10. Webster says:

    “The always wooden Wasikowska”? Oh, my lord, we’re suppose to take anything this guy says seriously. Talk about superficial, he sounds like some teenage ComicCon fan. Well, I guess there probably are music critics who are tone deaf so why not film critics who lack perceptiveness.

    • exile103 says:

      Agreed. Anyone who makes such a comment about such a talented young actress like her needs to lose their reviewing privileges.

      • Scott W. says:

        Heaven forbid someone truly gifted should take incredible risks and support and participate in creative films, but he probably fits in nicely with the overall superficiality of film criticism and journalism as a whole. I just saw the movie and I feel it truly went over this guy’s head. The screenplay, what’s actually being portrayed, is important and actually very timely, much more than just Hollywood, the acting is superb, both in-your-face and subtle. The movie is funny but it’s also very sad.

  11. Ojai says:

    The author of this review left their objectivity in their desk drawer when they wrote this. “Always wooden Mia” — in what alternative universe?

    Cronenberg skewers the Hollywood you live and work in, no wonder you didn’t like it. Hit a little to close to home, did it?

    • Adam C. says:

      Yep, absolutely clueless and not really perceptive at all. Wasikowska’s an amazing young actress. She has a strong, captivating presence and real depth.

    • Webster says:

      I just read this guys review of “Clouds of Sils Maria”” – in it he calls Kristin Stewart “the most compellingly watchable American actress of her generation.” So, there you have it. Nothing against K.S., she gets way too much flak IMO, but Wasikowska was originally going to do that part in “Clouds” and instead did “Maps”. In his review of “Clouds” he says that the film has a positive view of actors in contrast to “Maps” having a negative one. So, this guy seems to be part of the Kristin Stewart/Robert Pattinson post-Twilight wars, he’s setting up some kind of competition between K.S. and Mia W. He’s using the “wooden” insult, which you always see hurled at Kristen, against Mia, who already has an incredible body of serious work that makes his remarks look ridiculous, at least to anyone with awareness. This is something one shouldn’t expect from a mature critic. Unless Debarge is sixteen-years-old, we should expect much more. This weird kind of competition is something that younger actresses have to face more than any one else – it’s like high school all over again.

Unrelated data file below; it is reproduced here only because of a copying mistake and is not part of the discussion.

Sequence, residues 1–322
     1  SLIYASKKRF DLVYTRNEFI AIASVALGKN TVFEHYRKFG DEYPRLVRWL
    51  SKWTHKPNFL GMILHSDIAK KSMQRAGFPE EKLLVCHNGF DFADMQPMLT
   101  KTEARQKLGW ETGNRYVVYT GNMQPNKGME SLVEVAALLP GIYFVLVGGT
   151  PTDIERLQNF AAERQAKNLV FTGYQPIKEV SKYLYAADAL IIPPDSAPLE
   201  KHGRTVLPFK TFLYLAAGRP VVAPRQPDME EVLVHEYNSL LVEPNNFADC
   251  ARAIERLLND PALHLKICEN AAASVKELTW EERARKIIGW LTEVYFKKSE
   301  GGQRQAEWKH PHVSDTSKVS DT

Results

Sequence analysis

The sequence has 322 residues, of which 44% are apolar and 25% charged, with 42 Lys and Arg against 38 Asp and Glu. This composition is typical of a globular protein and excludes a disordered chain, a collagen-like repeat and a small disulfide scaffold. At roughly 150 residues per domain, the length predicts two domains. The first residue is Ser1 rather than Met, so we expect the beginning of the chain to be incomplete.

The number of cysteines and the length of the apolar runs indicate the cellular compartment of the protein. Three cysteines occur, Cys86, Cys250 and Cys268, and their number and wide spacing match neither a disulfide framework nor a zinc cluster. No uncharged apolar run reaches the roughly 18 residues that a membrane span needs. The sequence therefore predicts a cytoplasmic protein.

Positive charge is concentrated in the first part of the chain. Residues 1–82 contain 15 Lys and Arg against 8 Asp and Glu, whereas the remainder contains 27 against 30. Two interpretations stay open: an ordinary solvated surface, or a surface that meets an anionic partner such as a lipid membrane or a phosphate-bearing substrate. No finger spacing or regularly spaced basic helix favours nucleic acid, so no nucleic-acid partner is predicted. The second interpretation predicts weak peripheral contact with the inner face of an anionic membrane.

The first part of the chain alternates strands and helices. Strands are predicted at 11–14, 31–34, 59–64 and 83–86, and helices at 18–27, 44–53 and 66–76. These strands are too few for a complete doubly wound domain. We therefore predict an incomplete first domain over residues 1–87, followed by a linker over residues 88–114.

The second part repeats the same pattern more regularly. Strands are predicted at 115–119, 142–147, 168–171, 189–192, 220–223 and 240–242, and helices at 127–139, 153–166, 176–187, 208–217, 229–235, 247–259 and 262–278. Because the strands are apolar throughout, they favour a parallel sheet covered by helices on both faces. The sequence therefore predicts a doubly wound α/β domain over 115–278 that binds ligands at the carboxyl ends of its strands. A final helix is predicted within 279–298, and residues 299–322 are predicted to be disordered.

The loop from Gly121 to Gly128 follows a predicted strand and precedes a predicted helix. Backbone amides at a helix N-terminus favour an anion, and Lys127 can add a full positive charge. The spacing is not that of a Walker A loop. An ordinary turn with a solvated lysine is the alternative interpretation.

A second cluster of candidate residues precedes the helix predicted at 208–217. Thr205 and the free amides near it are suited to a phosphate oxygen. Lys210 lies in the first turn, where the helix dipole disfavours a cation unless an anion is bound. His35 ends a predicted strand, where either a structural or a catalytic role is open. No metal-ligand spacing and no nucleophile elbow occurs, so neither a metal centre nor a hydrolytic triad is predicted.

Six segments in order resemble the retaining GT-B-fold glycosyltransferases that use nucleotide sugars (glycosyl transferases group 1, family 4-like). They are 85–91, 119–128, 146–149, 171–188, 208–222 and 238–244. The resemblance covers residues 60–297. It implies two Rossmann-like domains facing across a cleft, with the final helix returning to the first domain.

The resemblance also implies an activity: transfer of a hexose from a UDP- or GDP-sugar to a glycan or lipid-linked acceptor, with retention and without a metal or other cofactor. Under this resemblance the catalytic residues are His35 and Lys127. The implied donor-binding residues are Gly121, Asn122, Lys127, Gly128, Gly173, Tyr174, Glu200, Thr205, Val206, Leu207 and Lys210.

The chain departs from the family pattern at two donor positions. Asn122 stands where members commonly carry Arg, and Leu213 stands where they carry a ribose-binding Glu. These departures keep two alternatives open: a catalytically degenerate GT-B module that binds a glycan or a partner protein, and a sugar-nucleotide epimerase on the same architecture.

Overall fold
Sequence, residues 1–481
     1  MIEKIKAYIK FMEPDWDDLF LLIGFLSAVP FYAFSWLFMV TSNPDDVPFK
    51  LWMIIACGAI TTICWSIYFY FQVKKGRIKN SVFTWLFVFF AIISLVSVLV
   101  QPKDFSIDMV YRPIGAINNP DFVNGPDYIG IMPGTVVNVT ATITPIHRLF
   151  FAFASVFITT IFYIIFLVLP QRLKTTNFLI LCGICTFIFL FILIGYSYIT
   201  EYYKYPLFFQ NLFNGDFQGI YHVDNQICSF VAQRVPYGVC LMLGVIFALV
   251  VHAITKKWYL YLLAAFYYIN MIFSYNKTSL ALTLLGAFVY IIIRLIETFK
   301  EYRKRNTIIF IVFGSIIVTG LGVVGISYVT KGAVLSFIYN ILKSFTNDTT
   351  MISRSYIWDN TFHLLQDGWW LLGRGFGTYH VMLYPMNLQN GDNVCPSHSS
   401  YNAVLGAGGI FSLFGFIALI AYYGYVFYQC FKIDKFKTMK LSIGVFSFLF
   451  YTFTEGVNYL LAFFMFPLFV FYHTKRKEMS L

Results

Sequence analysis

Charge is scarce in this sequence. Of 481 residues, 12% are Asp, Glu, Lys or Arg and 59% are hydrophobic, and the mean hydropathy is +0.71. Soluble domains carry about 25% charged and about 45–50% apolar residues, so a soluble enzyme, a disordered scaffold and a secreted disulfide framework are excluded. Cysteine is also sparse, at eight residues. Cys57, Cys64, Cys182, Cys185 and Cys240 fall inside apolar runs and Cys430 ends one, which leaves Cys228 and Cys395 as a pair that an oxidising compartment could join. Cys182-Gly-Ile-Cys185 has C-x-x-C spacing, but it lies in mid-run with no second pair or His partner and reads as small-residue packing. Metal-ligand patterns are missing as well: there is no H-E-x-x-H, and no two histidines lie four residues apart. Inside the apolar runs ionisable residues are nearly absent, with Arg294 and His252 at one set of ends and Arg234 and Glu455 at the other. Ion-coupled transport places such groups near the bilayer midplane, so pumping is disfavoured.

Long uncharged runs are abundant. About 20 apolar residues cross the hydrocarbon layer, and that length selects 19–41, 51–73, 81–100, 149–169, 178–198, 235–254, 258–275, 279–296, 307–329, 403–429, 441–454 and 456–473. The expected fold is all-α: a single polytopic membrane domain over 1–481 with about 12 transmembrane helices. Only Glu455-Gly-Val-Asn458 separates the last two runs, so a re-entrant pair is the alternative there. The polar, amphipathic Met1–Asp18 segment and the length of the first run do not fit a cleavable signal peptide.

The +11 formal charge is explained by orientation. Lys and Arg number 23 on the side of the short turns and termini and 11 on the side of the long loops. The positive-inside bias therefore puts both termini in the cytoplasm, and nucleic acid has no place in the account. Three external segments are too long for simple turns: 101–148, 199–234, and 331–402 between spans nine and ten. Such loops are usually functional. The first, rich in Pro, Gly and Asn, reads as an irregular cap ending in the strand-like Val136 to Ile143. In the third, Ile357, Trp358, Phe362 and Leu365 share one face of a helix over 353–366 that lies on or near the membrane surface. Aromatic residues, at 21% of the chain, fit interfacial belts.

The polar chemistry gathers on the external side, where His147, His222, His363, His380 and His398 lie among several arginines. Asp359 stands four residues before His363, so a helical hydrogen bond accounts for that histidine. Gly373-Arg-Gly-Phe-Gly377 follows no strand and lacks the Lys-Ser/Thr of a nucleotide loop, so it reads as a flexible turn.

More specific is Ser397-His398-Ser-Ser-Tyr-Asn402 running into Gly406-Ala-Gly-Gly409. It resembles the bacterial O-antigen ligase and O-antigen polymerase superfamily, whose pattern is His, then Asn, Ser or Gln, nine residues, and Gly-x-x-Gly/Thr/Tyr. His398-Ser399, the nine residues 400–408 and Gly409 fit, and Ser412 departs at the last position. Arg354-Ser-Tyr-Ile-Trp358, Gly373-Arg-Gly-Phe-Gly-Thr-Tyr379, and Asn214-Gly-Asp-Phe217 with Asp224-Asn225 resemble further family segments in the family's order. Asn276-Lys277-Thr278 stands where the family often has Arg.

12. Karl L says:

    Mia Wasikowska is the best film actress under 30 now. If she’s wooden to you, we have very different views on what great acting is.

    • Webster says:

      More and more people are starting to get hip to the low level of many critics – they’re starting to bite back as they realize a good many of them (like this one) are about as aware as the typical poster on IMDB. There use to be really informed criticism, people who knew something about filmmaking and acting, at least enough to have some credibility, to make us believe they knew what they were talking about. Not so much now.